Contrary to Dr. Fink’s statement, manual gastric balloon tonometry can be easily incorporated into routine clinical care, as has been the case in Argentina6 and at the University of Miami,9 and this inclusion has been rewarded with substantial improvements in outcomes, seemingly even in patients with advanced disease in whom reductions in treatment costs also were observed. The failure of gastric tonometry to have been incorporated into routine clinical care is surprising, given its long-established physiologic and clinical credentials. In my view, it has not been because it is cumbersome and too expensive, as Dr. Fink claims. Indeed, when considered in terms of incremental dollars spent per life-year saved, pHi-guided resuscitation with manual measurements that are performed in all ICU patients would seem infinitely more cost-effective than any other form of established management protocol in adequately ventilated patients.18

Finally, let us not lose site of the overriding importance of mitochondrial ATP synthesis by oxidative phosphorylation in all bodily activity at all times. The NIH Task Force on Cardiopulmonary Dysfunction in Critical Care Medicine recognized the need for monitoring alterations in the “energetic state of the tissues.” The intramucosal pHi is a physiologically appropriate and clinically validated measurement that, despite its imperfections, appears to do this very simply and better than I ever would have thought. Most importantly, when incorporated into routine care, gastric pHi measurement has improved our understanding of disease processes, has aided in management decisions, and has helped to improve outcomes and to reduce costs substantially. Let us use pHi in conjunction with measures of Pco2 Po2, and Pco2-gap to audit and direct care until better and more representative measures of tissue energetics emerge and have been shown in routine clinical practice to improve outcomes and to reduce costs further.

I have had no business dealings with the Tonometrics Division of Datex-Ohmeda (Helsinki, Finland), the company commercializing silicone balloon tonometry in both its manual and on-line forms. I am not receiving financial support from any company. Furthermore, due to the indirect nature of my contracts, I have absolutely no idea whether I still have any financial interest in any viable company remotely related to the commercialization of tissue gas analysis, including Datex-Ohmeda. I have absolutely no legal or political agenda. I simply remain concerned that the opportunity to improve outcome and reduce costs on a large scale is not being realized.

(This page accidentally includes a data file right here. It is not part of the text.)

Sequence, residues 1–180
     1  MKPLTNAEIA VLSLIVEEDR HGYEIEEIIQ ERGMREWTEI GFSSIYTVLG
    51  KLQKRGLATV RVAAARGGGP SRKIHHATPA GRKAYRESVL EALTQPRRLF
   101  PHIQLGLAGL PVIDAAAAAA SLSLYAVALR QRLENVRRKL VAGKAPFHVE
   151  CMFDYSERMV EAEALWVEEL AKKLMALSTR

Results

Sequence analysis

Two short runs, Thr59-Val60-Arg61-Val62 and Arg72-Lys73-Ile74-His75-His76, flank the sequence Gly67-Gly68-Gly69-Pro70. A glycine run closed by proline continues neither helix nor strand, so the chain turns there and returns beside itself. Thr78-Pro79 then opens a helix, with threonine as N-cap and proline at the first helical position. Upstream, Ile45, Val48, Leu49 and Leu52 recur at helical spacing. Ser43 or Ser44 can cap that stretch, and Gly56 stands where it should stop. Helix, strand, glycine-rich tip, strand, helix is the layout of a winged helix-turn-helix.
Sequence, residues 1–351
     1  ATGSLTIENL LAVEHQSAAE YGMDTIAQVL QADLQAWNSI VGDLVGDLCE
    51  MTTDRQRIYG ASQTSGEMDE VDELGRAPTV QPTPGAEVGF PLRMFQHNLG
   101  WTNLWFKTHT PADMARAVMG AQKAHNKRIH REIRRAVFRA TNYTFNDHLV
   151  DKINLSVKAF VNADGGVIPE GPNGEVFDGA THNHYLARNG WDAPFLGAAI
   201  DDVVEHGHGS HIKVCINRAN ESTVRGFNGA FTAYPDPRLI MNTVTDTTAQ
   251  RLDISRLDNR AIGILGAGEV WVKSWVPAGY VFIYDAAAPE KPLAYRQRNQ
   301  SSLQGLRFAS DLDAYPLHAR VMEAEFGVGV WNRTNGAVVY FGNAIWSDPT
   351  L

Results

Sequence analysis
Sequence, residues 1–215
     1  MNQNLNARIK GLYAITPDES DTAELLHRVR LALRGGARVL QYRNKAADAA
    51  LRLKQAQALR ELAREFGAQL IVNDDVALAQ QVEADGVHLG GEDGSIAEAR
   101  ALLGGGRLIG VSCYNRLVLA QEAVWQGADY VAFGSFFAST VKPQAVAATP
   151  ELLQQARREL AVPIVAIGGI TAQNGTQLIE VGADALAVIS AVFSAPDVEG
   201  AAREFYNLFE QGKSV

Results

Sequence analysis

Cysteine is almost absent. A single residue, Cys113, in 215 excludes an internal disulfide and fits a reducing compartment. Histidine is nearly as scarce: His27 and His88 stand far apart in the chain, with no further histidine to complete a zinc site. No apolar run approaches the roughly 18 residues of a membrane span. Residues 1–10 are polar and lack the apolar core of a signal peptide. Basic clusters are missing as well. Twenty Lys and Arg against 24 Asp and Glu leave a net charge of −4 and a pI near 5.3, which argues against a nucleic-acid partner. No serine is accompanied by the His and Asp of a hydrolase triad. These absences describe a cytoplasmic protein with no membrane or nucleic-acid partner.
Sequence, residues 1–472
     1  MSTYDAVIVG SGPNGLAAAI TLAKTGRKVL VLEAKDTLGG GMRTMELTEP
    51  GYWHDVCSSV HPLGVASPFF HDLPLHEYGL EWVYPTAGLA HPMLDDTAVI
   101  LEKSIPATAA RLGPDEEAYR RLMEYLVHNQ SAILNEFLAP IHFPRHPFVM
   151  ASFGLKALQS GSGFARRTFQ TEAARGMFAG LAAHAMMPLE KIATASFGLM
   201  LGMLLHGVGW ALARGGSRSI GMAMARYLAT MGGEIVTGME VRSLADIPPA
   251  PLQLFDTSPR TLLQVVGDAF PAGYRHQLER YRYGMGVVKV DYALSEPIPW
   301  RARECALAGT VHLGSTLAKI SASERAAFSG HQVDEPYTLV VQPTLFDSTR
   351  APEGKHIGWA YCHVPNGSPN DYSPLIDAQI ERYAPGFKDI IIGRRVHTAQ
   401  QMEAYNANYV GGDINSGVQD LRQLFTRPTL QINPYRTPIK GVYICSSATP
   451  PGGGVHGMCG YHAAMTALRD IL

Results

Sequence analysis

Fink, MP (1998) Tissue capnography as a monitoring strategy in critically ill patients: just about ready for prime time.Chest114,667-669. [PubMed] [CrossRef]
 
Fiddian-Green, RG Gastric intramucosal pH, tissue oxygenation and acid-base balance.Br J Anaesth1995;74,591-606. [PubMed]
 
Dennis, SC, Gevers, W, Opie, LH Protons in ischemia: where do they come from; where do they go.J Mol Cell Cardiol1991;23,1077-1086. [PubMed]
 
National Heart, Lung, and Blood Institute. Report of the Task Force on Research in Cardiopulmonary Dysfunction in Critical Care Medicine: U.S. Department of Health and Human Services. Bethesda, MD: Public Health Service, National Institutes of Health, October 1994; 75.
 
Mythen, MG, Webb, AR Perioperative volume expansion reduces incidence of gut mucosal hypoperfusion during cardiac surgery.Arch Surg1995;130,423-429. [PubMed]
 
Gutierrez, G, Palizas, F, Doglio, G, et al Gastric intramucosal pH as a therapeutic index of tissue oxygenation in critically ill patients.Lancet1992;339,195-199. [PubMed]
 
Ivatury, RR, Simon, RJ, Islam, S, et al A prospective randomized study of end points of resuscitation after major trauma: global oxygen transport indices versus organ-specific gastric mucosal pH.J Am Coll Surg1996;183,145-154. [PubMed]
 
Ivatury, RR, Simon, RJ, Islam, S, et al Gastric mucosal pH and oxygen delivery and consumption indices in the assessment of the adequacy of resuscitation: a prospective, randomized study.J Trauma Injury Infect Crit Care1995;39,128-136
 
Barquist, E, Kirton, O, Windsor, J, et al The impact of antioxidant and splanchnic-directed therapy on persistent uncorrected gastric mucosal pH in the critically injured patient.J Trauma1998;44,355-360. [PubMed]
 
Gutierrez, G, Clark, C, Brown, SD, et al Effect of dobutamine on oxygen consumption and gastric mucosal pH in septic patients.Am J Respir Crit Care Med1994;150,324-329. [PubMed]
 
Fiddian-Green, RG, McGough, E, Pittenger, G, et al Predictive value of intramural pH and other risk factors for massive bleeding from stress ulceration.Gastroenterology1983;85,613-620. [PubMed]
 
Boyd, O, Mackay, CJ, Lamb, G, et al Comparison of clinical information gained from routine blood-gas analysis and from gastric tonometry for intramural pH.Lancet1993;341,142-146. [PubMed]